It’s a confusing trip, playing Denpa Men 3. One minute you’re circling around your garden trying to capture more guys to join your adventure with the 3DS camera; the next you’re on an RPG adventure trying to save the world. There’s so much going on that it’s almost impossible to catch your breath, and with very little in the way of narrative or tutorials, you’re on your own in a brightly coloured and surreal world. Despite this, with a little time and an open mind, Denpa Men 3 soon becomes an addictive pleasure to play, and a title that deserves to be solely planted on a Nintendo system.
It’s almost like the lovechild of some of gaming’s most notable series; Pokémon, Animal Crossing, Pikmin, Dragon Quest and more. You start off with a greeting from a random Denpa; a brightly clad guy who needs your help to rescue a kidnapped friend. After a very brief conversation your adventure begins and you begin to recruit Denpa Men to your aid using the 3DS camera. The top screen displays your current surroundings, whilst the bottom boasts a radar showing the location of current Denpa Men in the vicinity.
Capturing is easy; aim and click the A button and the Denpa is caught. Some require more work than others, and different characters will appear in different places dependent on radio signals in the area. Some Denpa Men come with aerials stamped firmly to their heads that harbour special abilities, such as lightning attacks and healing powers, and the overall look and colour of the character defines their abilities, strengths and weaknesses. In short; the more outrageous the Denpa, the better they will be in battle.
Once you’ve caught your fill of Denpa Men, you’ll be let loose in the games over-world. Its design is similar to last year’s Animal Crossing: New Leaf, and the comparison stretches even further, giving you the ability to customise anything from your Denpa’s outfits to their homes and garden. In fact, the strongest part of the game isn’t the main story or the battle system; it’s the little things you discover on your travels.
The game offers a fair amount of side stuff to get involved with, and any self re specting hoarder will find themselves filling their homes up with useless junk, going fishing for top selling game or grinding enemies with the hope they drop rare loot. It’s a fun and interesting ecosystem that rewards hard work and dedication.
Once you begin exploring the environment you’ll soon run into some of the games well designed and varied monsters, giving you an introduction to the games surprisingly deep turn-based battle system. You can select each attack individually, or you can go all-out either offensively or defensively. For the most part your team box clever and help each other out in times of need, which is often in the latter part of the game as a fair amount of grinding is required to progress due to a couple of difficulty spikes here and there. If you’re selective with your Denpa Men you’ll soon have a winning team on your hands that’ll see you through the difficult patches.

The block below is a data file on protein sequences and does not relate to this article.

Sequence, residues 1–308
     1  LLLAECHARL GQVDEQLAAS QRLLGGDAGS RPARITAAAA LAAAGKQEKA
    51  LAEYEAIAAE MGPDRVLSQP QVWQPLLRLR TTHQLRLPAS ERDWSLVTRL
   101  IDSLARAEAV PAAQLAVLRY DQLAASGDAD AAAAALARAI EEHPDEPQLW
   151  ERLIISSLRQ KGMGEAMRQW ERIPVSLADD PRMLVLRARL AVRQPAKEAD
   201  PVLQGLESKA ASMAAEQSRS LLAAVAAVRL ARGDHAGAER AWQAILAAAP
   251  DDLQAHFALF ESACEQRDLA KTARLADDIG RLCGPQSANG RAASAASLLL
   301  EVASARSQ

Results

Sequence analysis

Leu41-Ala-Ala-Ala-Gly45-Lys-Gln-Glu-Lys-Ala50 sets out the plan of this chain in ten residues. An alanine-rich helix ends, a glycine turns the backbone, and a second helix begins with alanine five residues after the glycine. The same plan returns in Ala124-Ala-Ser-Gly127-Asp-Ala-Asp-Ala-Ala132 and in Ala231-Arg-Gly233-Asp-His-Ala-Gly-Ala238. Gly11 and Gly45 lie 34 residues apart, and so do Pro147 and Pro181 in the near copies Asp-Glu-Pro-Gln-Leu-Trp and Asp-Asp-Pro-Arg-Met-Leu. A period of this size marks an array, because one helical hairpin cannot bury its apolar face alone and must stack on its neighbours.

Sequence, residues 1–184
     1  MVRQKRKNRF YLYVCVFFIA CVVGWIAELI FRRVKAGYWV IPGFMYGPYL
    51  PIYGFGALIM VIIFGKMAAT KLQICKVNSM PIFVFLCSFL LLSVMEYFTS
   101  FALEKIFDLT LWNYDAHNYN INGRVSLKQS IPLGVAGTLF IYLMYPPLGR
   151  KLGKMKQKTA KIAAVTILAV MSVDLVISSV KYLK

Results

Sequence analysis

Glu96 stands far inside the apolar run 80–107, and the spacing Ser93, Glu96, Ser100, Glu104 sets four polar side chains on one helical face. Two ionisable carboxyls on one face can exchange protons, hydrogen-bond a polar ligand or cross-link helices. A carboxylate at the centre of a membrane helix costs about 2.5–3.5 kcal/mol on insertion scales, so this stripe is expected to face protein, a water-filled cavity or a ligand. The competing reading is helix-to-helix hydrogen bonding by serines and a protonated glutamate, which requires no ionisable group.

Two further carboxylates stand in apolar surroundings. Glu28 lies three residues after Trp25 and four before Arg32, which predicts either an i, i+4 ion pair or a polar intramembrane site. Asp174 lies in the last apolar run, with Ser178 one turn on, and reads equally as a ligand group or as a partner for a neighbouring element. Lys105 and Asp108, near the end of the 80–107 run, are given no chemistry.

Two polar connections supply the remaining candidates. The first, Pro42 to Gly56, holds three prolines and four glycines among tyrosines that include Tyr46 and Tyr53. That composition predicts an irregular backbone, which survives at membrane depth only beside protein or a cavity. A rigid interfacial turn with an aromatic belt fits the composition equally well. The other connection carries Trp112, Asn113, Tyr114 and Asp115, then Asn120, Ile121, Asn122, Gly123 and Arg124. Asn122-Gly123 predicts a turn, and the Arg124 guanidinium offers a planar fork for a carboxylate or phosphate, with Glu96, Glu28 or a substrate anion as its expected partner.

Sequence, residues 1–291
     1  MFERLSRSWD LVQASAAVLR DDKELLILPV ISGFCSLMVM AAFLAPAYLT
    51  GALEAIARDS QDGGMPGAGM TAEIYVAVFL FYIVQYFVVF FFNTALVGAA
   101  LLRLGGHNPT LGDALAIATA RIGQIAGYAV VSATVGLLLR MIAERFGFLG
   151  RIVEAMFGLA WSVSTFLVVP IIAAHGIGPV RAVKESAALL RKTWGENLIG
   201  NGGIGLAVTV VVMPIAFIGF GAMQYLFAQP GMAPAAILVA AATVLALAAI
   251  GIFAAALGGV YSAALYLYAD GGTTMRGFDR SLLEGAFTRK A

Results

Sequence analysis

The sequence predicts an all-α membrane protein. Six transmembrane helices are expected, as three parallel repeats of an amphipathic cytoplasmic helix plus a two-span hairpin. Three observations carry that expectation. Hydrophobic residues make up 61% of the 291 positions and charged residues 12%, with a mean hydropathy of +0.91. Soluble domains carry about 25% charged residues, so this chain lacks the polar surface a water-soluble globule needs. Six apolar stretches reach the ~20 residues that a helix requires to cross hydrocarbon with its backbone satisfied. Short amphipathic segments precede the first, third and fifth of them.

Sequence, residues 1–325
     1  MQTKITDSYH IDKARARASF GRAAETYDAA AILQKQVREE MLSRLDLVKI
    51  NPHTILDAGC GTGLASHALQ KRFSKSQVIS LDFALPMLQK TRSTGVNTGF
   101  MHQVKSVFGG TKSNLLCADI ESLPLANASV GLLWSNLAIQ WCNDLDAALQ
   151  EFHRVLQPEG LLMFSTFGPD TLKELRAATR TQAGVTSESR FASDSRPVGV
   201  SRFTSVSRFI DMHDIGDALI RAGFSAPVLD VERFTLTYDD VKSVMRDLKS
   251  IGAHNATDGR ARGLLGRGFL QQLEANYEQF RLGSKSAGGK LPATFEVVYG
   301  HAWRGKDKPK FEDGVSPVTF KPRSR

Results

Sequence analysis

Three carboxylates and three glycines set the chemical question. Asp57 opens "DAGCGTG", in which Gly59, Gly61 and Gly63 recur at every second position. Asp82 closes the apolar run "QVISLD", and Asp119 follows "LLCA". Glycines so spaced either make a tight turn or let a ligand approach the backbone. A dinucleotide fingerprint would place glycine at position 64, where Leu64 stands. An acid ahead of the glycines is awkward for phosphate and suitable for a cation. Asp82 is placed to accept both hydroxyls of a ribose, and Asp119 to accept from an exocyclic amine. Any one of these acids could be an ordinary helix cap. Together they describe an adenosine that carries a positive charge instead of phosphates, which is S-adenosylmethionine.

Like a lot of other RPG titles, after a few hours grinding away at enemies you’ve seen and done all the combat system has to offer and it can grow quite tiresome. Despite this, the game constantly gives back, and loot comes thick and fast, be it a new coffee table for your home or a fancy new argyle sweater to kit your favourite Denpa out. You’ll want to work at getting more, and even when that becomes tiring, you can always retreat back to your favourite fishing spot to make money to pimp up your home.
The Denpa Men series definitely won’t be for everyone, and a few of its main draws can be the very things you’ll be sick of after a while; using the camera to search for new recruits and the battle system being the two that’ll stagnate the most, but by looking above these minor flaws you’ll realise it’s quite a special game. Denpa Men manages to take bits from several genres and put them into one experience without feeling contrived, and overall it’s a fun escape from reality that wouldn’t belong anywhere else than on a Nintendo console.
REVIEW CODE: true staff A complimentary code was to Brash Games for this review. the publishers in any way whatsoever. For all review code enquiries, please use the contact form.
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